Hatem, M., Pusch, R. & Knutsson, S. (2015). Study of cement-grout penetration into fractures under static and oscillatory conditions (ed.). Paper presented at . Tunnelling and Underground Space Technology, 45, 10-19
Open this publication in new window or tab >>Study of cement-grout penetration into fractures under static and oscillatory conditions
2015 (English)In: Tunnelling and Underground Space Technology, ISSN 0886-7798, E-ISSN 1878-4364, Vol. 45, p. 10-19Article in journal (Refereed) Published
Abstract [en]

Grouting of the rock surrounding high-level waste (HLW) can serve to minimize groundwater flow around it and thereby to retard erosion of waste-embedding clay (buffer) and transport of possibly released radionuclides. Earlier attempts have shown the efficiency of superimposing the injection pressure with oscillations for bringing cement-rich grouts into narrow fractures using organic superplasticizers. However, these are short-lived and can produce radionuclide-bearing organic colloids, and should be replaced by inorganic agents. Portland cement in grouts is not long lived and low-pH cements are preferable as is also reduction of the cement content to an absolute minimum. The present study describes the composition and performance of candidate grouts in laboratory experiments with injection into plane-parallel slots with different aperture. The study included development of a simple and quick method for estimating the viscosity on the construction site for adapting the grout recipe to the injectability of the rock. A simple theoretical model for predicting grout penetration gives fair agreement with laboratory data. The longevity of the grout under various conditions is believed to be sufficient for use in HLW repositories implying waste placement in very deep holes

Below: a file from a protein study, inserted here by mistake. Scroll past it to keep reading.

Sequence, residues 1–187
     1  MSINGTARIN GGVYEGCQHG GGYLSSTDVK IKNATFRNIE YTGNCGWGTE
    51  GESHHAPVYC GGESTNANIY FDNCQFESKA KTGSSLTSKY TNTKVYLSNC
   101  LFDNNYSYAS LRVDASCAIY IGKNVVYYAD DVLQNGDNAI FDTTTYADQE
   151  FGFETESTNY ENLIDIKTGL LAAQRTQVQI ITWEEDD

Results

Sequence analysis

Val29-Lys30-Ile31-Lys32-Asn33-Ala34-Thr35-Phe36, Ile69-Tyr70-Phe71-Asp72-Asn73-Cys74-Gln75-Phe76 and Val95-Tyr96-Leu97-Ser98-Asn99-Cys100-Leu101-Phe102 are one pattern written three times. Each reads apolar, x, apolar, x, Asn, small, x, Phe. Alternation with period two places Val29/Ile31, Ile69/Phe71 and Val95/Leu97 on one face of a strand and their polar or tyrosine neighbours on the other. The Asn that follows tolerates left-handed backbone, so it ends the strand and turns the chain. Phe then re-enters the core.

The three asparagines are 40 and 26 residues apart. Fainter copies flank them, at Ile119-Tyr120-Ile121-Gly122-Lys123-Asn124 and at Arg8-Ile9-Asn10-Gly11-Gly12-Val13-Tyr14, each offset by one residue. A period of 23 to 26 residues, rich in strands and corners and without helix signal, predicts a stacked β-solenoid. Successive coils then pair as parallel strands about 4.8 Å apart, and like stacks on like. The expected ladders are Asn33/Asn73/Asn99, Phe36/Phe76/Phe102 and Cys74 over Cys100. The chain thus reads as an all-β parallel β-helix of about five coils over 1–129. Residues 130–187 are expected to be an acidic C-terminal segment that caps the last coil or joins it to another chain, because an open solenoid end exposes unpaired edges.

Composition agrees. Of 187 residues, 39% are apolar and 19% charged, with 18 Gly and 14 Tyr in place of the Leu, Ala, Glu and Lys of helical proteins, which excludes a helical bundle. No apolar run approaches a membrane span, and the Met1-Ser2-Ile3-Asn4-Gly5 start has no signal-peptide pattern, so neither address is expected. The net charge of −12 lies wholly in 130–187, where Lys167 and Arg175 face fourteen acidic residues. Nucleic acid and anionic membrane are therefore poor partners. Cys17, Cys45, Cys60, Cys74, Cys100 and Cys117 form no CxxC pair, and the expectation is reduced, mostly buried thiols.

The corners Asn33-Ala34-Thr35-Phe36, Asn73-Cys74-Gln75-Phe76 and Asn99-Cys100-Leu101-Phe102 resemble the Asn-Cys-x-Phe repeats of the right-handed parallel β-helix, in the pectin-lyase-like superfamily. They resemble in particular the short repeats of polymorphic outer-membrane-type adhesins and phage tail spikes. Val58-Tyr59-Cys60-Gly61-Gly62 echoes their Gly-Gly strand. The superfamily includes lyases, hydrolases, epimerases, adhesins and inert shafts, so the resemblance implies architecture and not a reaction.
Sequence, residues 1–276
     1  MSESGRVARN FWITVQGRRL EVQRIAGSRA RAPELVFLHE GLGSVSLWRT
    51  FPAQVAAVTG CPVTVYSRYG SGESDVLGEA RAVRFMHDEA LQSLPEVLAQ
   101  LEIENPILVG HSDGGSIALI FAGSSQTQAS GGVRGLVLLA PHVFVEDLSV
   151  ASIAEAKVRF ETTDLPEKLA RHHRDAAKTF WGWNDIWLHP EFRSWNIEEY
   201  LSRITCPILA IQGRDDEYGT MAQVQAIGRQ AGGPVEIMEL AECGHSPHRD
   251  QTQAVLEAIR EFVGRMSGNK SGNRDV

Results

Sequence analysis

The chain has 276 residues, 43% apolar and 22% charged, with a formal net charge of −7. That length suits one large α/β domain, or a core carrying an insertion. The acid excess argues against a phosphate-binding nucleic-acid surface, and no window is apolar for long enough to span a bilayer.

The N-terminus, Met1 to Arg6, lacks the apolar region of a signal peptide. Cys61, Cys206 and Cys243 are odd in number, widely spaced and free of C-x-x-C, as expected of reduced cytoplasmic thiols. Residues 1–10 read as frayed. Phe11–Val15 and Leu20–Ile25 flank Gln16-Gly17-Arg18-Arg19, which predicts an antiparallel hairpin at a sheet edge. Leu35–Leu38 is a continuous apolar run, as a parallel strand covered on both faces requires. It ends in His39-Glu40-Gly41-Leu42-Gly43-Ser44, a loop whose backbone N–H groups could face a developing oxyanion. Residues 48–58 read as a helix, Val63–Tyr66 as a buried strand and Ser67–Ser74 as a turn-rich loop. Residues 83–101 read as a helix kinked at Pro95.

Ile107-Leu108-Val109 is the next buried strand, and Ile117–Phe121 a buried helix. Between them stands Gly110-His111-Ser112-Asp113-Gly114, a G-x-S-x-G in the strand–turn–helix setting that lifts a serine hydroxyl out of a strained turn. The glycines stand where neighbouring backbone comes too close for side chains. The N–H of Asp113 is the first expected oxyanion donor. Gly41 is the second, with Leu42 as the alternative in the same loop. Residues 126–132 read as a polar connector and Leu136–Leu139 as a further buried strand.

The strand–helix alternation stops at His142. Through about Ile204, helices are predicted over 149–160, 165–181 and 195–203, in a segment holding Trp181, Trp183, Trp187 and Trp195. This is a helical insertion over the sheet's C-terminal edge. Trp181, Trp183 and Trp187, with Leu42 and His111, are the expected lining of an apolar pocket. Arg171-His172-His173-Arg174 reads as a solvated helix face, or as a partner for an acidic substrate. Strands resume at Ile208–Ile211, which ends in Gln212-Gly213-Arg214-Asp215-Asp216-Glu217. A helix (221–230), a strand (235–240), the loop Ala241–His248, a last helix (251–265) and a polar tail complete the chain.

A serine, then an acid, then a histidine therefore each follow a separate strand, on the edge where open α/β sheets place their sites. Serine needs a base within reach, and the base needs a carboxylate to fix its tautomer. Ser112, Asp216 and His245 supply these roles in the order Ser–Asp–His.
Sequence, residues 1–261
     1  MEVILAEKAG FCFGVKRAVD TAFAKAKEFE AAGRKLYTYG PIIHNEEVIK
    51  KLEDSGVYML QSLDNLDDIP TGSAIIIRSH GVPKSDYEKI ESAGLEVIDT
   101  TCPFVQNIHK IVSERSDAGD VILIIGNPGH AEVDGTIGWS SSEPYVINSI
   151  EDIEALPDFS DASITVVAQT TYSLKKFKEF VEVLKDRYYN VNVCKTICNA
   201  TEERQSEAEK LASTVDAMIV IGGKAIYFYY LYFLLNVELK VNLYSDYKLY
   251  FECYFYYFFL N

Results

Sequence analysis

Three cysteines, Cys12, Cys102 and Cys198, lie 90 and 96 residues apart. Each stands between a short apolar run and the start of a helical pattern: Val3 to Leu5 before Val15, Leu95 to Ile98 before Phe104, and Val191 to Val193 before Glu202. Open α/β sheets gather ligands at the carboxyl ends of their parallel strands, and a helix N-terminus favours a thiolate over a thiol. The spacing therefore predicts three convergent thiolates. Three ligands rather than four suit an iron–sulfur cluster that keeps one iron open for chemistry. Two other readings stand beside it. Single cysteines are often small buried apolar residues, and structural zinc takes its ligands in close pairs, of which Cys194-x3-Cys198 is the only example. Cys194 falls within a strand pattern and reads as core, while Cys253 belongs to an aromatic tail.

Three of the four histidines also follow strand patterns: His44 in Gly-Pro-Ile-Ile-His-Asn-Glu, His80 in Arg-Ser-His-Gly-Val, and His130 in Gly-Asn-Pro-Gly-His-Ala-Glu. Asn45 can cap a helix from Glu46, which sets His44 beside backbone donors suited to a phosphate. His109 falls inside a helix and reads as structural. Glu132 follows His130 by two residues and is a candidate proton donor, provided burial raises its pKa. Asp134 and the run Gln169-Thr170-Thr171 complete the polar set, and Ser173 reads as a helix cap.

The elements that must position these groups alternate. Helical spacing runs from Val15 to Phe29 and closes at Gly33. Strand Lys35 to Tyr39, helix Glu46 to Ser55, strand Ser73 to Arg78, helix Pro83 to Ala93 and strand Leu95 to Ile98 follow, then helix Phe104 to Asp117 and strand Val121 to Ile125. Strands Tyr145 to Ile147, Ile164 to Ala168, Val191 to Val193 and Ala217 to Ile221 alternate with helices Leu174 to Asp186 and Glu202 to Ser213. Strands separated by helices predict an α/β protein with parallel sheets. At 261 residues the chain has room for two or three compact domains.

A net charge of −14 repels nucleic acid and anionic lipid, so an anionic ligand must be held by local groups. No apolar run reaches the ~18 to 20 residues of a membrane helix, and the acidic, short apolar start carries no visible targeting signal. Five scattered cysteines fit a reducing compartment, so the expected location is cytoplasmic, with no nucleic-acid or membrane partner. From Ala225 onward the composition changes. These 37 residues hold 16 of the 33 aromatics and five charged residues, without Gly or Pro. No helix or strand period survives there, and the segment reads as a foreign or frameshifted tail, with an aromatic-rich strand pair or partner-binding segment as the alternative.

National Category
Infrastructure Engineering Geotechnical Engineering
Research subject
Structural Engineering; Soil Mechanics
Identifiers
urn:nbn:se:ltu:diva-16193 (URN)10.1016/j.tust.2014.08.003 (DOI)000347022600002 ()2-s2.0-84907702992 (Scopus ID)fc99768c-dab0-4683-bf78-031cc581e56b (Local ID)fc99768c-dab0-4683-bf78-031cc581e56b (Archive number)fc99768c-dab0-4683-bf78-031cc581e56b (OAI)
Note
Validerad; 2015; Nivå 2; 20140818 (mohhat)Available from: 2016-09-29 Created: 2016-09-29 Last updated: 2018-07-10Bibliographically approved
Hatem, M. (2014). Cement-Poor Concrete and Grout for Use in Underground Constructions (ed.). (Doctoral dissertation). Paper presented at . : Luleå tekniska universitet
Open this publication in new window or tab >>Cement-Poor Concrete and Grout for Use in Underground Constructions
2014 (English)Doctoral thesis, comprehensive summary (Other academic)
Abstract [en]